It has been particularly encouraging this year to see the national focus by NHS England on improving services for people with eating disorders. There is a national implementation plan for Mental Health linked to the NHS Long Term Plan and this contains specific commitments on child and adolescent and adult eating disorder provision. Furthermore, a report on Specialised Eating Disorder Services in England published by NHS England in April acknowledged the changes needed to better manage demand for eating disorder treatment, particularly in the context of rising demand and the continued reliance on people travelling out of area to get the treatment they need, in some cases with beds in Scotland being used for English patients.
One of the routes through which this will be addressed is through the establishment of provider collaboratives – groups of providers working together to improve local and regional services. According to the national direction from NHS England, wherever possible these new collaboratives should work together to avoid inpatient admission through developing high-quality community services. Collaboratives will include providers from a range of backgrounds, including the voluntary sector, the NHS and the independent sector and through plans co-produced with people who are experts by experience, partners will provide co-ordinated care and treatment as close to home as possible, with hospital admissions being short and only used when absolutely clinically necessary. Orri is delighted to have the opportunity to be part of these new collaboratives so that we can play our part in helping to ensure that the right care is available to everyone who needs it at the right time.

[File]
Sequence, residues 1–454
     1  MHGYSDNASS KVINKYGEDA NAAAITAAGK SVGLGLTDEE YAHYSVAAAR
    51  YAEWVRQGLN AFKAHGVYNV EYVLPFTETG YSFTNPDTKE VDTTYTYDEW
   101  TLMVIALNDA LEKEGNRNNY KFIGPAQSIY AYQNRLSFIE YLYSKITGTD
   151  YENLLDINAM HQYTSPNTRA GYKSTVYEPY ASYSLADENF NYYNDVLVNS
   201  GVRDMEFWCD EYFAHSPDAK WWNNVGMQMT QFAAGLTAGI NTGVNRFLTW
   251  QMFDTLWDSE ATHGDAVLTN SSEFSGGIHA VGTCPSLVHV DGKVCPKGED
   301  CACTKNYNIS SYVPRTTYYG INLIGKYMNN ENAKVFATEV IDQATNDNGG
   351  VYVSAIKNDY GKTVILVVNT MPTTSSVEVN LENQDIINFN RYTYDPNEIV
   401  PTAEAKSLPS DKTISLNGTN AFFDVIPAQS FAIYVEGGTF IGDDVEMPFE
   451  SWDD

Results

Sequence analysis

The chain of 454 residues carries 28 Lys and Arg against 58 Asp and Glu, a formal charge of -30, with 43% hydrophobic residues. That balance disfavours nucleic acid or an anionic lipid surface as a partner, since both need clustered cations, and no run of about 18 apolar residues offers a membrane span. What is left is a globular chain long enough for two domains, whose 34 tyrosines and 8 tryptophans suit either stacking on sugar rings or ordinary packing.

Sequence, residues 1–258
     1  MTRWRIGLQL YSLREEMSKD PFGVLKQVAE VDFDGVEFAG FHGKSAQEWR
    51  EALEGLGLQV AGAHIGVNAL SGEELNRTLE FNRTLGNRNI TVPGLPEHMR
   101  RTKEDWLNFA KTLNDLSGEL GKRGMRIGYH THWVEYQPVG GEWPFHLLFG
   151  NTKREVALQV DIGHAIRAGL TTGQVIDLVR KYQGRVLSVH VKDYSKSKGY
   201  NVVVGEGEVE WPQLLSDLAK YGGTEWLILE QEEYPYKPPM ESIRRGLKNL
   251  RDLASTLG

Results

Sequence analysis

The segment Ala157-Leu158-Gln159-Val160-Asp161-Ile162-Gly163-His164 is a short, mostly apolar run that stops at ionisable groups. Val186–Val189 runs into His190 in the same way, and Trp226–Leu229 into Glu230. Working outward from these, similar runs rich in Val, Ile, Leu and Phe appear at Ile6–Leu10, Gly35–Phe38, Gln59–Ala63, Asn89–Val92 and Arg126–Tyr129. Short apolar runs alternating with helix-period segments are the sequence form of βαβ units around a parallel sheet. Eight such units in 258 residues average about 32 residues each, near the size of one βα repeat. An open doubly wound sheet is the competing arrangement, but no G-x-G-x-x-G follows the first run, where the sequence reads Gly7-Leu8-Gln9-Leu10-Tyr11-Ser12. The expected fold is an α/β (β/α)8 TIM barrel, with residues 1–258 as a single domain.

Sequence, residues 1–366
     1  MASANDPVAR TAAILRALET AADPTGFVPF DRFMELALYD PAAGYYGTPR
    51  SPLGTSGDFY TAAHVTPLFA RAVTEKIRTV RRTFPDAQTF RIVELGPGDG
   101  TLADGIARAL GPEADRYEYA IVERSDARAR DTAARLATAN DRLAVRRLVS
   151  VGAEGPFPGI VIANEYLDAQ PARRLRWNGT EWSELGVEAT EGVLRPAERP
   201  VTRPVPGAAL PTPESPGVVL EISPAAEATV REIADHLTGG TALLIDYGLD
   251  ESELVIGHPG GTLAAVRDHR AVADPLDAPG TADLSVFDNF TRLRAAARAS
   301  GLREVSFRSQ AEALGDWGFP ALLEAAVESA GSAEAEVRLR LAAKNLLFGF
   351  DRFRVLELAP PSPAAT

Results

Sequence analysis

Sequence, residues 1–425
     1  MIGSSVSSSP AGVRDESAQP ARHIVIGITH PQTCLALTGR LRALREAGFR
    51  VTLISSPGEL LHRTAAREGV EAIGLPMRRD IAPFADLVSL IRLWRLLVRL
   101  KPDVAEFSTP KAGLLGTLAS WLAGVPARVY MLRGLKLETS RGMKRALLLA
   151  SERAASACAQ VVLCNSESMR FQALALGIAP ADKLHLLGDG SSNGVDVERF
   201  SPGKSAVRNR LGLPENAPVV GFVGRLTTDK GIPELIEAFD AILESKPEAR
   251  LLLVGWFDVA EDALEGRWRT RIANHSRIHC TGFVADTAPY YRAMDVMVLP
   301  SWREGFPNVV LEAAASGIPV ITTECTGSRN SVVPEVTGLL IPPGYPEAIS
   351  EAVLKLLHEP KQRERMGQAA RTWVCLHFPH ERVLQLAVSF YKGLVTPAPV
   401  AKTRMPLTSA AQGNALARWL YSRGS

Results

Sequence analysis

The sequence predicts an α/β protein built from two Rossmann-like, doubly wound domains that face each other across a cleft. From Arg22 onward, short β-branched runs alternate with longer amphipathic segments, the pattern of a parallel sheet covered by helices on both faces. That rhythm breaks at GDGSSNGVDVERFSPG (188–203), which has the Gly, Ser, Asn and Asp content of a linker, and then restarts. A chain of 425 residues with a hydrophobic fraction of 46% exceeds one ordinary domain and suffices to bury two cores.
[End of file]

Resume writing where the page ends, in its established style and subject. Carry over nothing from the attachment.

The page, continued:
Within my first 90 days at Orri, I have heard the personal stories of two families from two fathers, each with a daughter who developed anorexia nervosa in their teens. The stories are different but share some common strands, the battle faced by families to get the treatment their daughters needed, the variation in the criteria for different services and the treatment available in each, the risk of the nearest bed being hundreds of miles away from home and the impact that supporting someone with an eating disorder has on siblings, parents and the wider family.
It is impossible to hear this lived experience without wanting to be an agent for positive change. And it is impossible to suppose that if your own teenagers had such a condition, with all the long-term risks that we know about with eating disorders, that you would not want both leaders and organisations to step up to both the challenge and opportunity to make the difference needed to ensure that the right services are in place.
At Orri we want to rise to that challenge. We believe that high-quality day treatment should be widely available and that our own intensive day programme offers a new choice to individuals, families, referring professionals and the NHS.
For all of those reasons, in this chapter of my career, I am committed to improving community eating disorder provision for adolescents and adults in the UK. I have the privilege to work with a highly skilled and dedicated team at Orri. Together, and working with experts by experience and our partners, I am confident we can make a difference.
Helen England, CEO